The thing about numbers is they don’t usually lie. I used to say numbers never lie and then I worked in Business Intelligence and saw how people massage numbers… But for gardening 288 beets sounds a lot better than 72, well, if you like beets. Additional bonus from planting in this grid method? Whenever the vegetables get bigger their leaves shade the soil cutting off many weeds and maintaining soil quality from erosion. Less weeds = less weeding!
I learned a technique to completely maximize this planting structure. I have used it before but gotten lazy in the last bit and pretty much default to the grid. I often have too many vegetables to use and end up giving loads away so I no longer plant in an offset method. This technique is part of a full biointensive method of planting that is a lot more complicated and involves things like root depth etc. I’m not going there, it is hella fun to plan out and do, but it takes a lot of calculation and work. BUT this small portion is easy to adopt: instead of gridding off your plants you can use those circles to offset each plant squeezing just a few more inches into each bed. Additionally you can tuck in plantings to really cram those plants in there. That means if you have plants that need a lot of space like tomatoes, you can tuck in basil along the edges of the plantings. Personally I love to shove a few flowers, especially marigolds, in any extra room I have. It just makes the vegetable patches that much more attractive.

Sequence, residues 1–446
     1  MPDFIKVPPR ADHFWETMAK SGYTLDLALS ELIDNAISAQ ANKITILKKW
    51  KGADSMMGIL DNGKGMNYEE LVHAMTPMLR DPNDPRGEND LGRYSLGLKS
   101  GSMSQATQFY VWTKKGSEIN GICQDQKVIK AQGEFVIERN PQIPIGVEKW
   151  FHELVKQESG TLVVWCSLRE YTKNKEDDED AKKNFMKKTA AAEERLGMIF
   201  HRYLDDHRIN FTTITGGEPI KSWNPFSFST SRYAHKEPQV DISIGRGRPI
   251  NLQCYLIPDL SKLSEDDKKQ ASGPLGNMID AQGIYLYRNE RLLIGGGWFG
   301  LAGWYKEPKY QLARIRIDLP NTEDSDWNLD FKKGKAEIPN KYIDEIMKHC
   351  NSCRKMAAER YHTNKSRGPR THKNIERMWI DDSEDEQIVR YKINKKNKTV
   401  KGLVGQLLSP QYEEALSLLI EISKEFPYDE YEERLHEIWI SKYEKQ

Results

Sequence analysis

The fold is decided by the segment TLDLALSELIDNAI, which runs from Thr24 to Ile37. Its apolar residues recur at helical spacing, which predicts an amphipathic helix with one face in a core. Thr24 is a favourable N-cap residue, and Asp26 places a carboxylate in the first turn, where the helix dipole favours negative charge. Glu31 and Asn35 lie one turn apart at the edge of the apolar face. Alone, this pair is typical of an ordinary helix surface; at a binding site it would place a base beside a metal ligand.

So what have we learned today? STOP the rows and plant your vegetables in a efficient layout.
Math is on your side and you can get so many more plants in a small place than you can with traditional row crops. Take a grid or offset method to get lots of veggies, but make sure that you remember to leave room for weeding and harvest.